When I was a child all pasta was called spaghetti or macaroni. The word pasta was a chic import in the newly food conscious 70s, just prior to discovering pesto sauce in the 80s. Spaghetti itself remains my favourite shape and paired with a garlicky sugo al Napoletano tomato sauce, is my death row meal, my desert island dish, my first culinary impulse after any illness, appetite regained, the food I long for in foreign climes and the first dinner I make on returning.
A Neopolitan tomato sauce with olive oil, onions, bay leaf, garlic and basil is from the poorer south of Italy, where meat is scarcer than in the north, rather than the meat based Bolognese from Bologna.
Spaghetti only goes with certain sauces, anything else is heresy. The best spaghetti is bronze die, when it is ‘extruded’ through a shaped template made of bronze which gives an irregular and rough surface texture, all the better to hold the sauce. Bronze die pasta hasn’t really taken off in Britain, although Jamie Oliver produced a range. It seems that people are not yet willing to pay that little bit extra for a quality pasta.
Most of the time I buy De Cecco or Barilla, as this is widely available in supermarkets. Italian chef Francesco Mazzei of L’Anima favours Cocco or Martelli.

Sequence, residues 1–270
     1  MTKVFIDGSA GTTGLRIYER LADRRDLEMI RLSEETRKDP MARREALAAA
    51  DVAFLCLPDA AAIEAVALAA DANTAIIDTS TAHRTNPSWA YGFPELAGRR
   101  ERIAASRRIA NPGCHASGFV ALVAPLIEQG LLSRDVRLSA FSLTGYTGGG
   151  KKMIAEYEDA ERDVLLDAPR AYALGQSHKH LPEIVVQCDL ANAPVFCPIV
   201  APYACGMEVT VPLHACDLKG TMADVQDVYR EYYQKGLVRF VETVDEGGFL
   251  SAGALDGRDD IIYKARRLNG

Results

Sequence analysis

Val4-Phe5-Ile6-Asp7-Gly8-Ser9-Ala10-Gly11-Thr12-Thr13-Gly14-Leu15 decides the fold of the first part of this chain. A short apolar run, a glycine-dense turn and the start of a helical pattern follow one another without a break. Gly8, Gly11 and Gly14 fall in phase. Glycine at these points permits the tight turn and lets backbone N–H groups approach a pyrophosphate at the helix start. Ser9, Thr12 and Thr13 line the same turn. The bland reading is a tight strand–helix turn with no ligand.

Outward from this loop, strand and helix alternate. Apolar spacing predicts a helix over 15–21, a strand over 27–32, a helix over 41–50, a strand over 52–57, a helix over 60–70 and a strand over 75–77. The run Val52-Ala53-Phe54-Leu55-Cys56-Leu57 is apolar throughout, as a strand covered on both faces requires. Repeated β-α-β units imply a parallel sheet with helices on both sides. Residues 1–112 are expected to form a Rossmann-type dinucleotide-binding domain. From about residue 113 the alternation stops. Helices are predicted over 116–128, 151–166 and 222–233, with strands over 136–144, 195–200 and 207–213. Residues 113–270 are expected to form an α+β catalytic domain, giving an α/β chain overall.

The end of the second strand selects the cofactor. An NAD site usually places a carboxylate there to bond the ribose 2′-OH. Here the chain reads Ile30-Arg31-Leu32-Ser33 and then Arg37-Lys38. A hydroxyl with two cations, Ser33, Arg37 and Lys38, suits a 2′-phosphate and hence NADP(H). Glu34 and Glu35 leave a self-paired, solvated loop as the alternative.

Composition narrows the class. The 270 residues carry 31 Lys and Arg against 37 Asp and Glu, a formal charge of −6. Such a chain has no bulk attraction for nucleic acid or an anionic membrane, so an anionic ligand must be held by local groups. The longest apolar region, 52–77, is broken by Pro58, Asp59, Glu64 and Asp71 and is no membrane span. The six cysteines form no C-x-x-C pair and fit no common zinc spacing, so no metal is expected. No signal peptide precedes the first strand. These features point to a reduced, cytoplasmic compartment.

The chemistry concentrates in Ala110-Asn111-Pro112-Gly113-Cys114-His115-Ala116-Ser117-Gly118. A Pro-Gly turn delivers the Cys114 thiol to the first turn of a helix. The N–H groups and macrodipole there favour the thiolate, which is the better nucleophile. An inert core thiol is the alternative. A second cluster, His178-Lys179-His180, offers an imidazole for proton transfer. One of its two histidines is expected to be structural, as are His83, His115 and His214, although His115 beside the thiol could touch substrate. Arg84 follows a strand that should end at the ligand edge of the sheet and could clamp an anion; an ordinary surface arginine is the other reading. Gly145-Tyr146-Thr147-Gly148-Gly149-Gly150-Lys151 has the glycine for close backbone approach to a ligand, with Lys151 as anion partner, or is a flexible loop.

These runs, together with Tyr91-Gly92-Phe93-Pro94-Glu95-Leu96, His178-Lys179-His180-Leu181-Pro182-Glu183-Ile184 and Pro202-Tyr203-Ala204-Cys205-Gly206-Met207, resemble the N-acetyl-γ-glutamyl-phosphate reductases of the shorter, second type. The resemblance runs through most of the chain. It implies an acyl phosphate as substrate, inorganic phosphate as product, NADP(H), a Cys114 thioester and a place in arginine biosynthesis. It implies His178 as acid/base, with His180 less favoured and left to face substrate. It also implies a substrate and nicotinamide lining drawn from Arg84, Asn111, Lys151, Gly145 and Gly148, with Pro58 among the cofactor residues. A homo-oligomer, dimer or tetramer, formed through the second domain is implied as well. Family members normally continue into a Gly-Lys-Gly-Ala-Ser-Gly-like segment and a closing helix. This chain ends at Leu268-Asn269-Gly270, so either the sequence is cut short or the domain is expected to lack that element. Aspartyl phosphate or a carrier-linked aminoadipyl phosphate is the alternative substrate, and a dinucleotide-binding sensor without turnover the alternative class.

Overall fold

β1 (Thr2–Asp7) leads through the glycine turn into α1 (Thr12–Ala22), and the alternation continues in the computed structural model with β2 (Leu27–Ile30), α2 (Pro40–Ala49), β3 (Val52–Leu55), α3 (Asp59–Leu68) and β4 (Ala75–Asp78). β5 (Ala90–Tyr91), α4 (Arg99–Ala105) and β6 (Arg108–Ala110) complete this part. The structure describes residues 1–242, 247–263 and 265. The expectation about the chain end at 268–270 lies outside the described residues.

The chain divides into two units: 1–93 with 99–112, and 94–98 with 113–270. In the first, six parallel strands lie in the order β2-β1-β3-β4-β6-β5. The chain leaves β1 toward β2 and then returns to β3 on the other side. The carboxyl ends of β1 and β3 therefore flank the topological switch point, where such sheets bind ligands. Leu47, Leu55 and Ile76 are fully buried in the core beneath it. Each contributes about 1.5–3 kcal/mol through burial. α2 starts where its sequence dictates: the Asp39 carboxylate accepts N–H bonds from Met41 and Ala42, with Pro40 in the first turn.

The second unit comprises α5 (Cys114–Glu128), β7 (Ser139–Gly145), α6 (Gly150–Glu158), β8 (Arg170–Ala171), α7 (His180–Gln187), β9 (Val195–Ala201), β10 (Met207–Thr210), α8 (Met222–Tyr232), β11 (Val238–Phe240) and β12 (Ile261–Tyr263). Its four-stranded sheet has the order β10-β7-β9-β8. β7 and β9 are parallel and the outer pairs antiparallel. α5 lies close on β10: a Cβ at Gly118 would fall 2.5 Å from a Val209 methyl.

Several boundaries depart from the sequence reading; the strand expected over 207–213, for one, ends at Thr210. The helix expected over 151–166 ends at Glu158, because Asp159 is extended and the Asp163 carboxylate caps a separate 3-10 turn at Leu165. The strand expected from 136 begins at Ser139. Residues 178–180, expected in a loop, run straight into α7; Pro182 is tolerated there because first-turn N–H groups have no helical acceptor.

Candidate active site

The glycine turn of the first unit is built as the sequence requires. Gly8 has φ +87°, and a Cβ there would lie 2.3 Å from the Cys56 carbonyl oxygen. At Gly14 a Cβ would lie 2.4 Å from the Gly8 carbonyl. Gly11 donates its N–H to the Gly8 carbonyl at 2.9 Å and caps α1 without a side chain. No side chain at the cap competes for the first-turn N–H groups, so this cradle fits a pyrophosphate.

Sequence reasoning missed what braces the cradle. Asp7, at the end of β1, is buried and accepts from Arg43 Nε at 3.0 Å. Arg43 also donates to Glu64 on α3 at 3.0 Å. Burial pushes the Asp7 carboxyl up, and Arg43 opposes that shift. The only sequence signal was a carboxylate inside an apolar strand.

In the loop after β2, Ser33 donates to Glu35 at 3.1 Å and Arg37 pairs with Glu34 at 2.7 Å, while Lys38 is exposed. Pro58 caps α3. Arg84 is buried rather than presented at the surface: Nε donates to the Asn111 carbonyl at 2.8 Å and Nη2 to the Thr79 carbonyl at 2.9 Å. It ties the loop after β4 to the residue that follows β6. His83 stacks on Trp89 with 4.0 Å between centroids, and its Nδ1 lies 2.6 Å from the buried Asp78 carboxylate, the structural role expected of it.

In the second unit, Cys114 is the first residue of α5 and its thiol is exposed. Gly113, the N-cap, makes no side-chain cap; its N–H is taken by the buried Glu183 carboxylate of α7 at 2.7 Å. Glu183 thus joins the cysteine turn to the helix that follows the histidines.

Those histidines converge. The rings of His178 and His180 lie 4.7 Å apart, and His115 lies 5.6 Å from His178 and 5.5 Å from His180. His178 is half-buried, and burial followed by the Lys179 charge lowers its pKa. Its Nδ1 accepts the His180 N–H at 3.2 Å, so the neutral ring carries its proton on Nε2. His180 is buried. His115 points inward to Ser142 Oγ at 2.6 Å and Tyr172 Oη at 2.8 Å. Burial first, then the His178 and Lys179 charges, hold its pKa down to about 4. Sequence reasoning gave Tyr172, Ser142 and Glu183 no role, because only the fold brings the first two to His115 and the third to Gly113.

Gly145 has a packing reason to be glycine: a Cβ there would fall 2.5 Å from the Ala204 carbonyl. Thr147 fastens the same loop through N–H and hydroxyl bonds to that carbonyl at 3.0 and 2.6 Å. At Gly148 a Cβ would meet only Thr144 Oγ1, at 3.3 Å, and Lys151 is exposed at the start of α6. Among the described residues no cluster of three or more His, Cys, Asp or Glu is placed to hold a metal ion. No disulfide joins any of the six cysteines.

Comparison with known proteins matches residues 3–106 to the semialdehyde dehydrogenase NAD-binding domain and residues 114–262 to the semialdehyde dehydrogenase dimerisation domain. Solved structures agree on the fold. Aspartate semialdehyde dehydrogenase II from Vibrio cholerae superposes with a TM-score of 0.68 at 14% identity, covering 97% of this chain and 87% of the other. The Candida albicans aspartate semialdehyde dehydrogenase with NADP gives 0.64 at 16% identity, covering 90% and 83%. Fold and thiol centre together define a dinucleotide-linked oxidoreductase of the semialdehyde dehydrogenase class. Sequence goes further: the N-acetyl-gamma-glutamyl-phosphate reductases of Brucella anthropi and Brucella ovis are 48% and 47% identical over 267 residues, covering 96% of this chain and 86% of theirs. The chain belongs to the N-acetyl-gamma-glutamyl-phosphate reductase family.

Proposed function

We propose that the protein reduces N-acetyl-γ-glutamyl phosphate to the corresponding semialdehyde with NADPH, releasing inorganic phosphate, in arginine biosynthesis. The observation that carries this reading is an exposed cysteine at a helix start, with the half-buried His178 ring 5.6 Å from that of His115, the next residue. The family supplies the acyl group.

Cooking time is another key issue: the French for instance, for all their culinary talent, invariably overcook pasta. American Barilla pasta has longer cooking times cited on the package than Italian Barilla. I’ve heard that southern Italians like their pasta even more al dente than northerners.
It’s difficult to cook spaghetti well in bulk. Bill Buford’s brilliant book Heat explains, in recounting his ‘stage’ at Mario Batali’s in New York, how restaurants cook pasta, and the importance of the pasta water. “In all these dishes was an ingredient you can’t get at home: the restaurant’s pasta water.”
There are three stages that the boiling water in the pasta pot goes through during service: 1) clear and very salty “Like the sea” 2) cloudy, becoming”an increasingly thick vehicle for soluble starch. …by the time the water reached this condition it behaved like a sauce thickener, binding the elements and, in effect flavouring the pasta with the flavour of itself….” and finally 3) muddy. The reader is advised never to order pasta after ten pm.
Buford is amazed that at home, we drain all that good pasta water away in a colander, rather than “using a pair of tongs and pulling the spaghetti straight out of the pot”.
Over the years a series of spaghetti myths has developed but…
- don’t put oil in the water,
- don’t break spaghetti
- don’t cut it
- don’t throw it against the wall to see if it’s cooked
- don’t rinse it for god’s sake, the starch helps the sauce adhere
- even dried pasta should be as fresh as possible
- only use freshly grated Parmesan
- only use freshly ground pepper
- don’t use Parmesan with fishy sauces
- pasta cools quickly so serve it on warmed plates
- use lots of water to boil it in
- salt the cooking water adequately, this means you need to salt the sauce less
- do not add sugar to your tomato sauce
Fennel and blood orange salad
Galette des rois
3 cheeses and biscuits £5 extra